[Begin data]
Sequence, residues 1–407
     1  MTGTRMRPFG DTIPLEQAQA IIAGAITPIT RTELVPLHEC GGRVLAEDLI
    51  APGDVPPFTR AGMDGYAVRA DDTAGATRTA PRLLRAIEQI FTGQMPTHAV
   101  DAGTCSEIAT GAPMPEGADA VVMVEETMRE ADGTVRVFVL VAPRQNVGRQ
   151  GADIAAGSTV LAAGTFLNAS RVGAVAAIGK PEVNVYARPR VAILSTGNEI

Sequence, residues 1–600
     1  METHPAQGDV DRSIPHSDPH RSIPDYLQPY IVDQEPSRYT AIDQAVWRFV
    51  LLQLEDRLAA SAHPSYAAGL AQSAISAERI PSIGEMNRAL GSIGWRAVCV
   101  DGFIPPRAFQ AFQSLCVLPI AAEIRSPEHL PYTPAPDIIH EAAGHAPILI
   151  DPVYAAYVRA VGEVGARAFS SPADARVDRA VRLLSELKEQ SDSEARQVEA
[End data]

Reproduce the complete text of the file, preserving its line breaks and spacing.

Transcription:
Sequence, residues 1–407
     1  MTGTRMRPFG DTIPLEQAQA IIAGAITPIT RTELVPLHEC GGRVLAEDLI
    51  APGDVPPFTR AGMDGYAVRA DDTAGATRTA PRLLRAIEQI FTGQMPTHAV
   101  DAGTCSEIAT GAPMPEGADA VVMVEETMRE ADGTVRVFVL VAPRQNVGRQ
   151  GADIAAGSTV LAAGTFLNAS RVGAVAAIGK PEVNVYARPR VAILSTGNEI

Sequence, residues 1–600
     1  METHPAQGDV DRSIPHSDPH RSIPDYLQPY IVDQEPSRYT AIDQAVWRFV
    51  LLQLEDRLAA SAHPSYAAGL AQSAISAERI PSIGEMNRAL GSIGWRAVCV
   101  DGFIPPRAFQ AFQSLCVLPI AAEIRSPEHL PYTPAPDIIH EAAGHAPILI
   151  DPVYAAYVRA VGEVGARAFS SPADARVDRA VRLLSELKEQ SDSEARQVEA